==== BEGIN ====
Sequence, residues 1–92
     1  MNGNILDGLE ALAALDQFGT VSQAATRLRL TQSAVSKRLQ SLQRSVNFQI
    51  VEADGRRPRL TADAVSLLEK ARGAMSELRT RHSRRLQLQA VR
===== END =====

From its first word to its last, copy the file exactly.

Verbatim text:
Sequence, residues 1–92
     1  MNGNILDGLE ALAALDQFGT VSQAATRLRL TQSAVSKRLQ SLQRSVNFQI
    51  VEADGRRPRL TADAVSLLEK ARGAMSELRT RHSRRLQLQA VR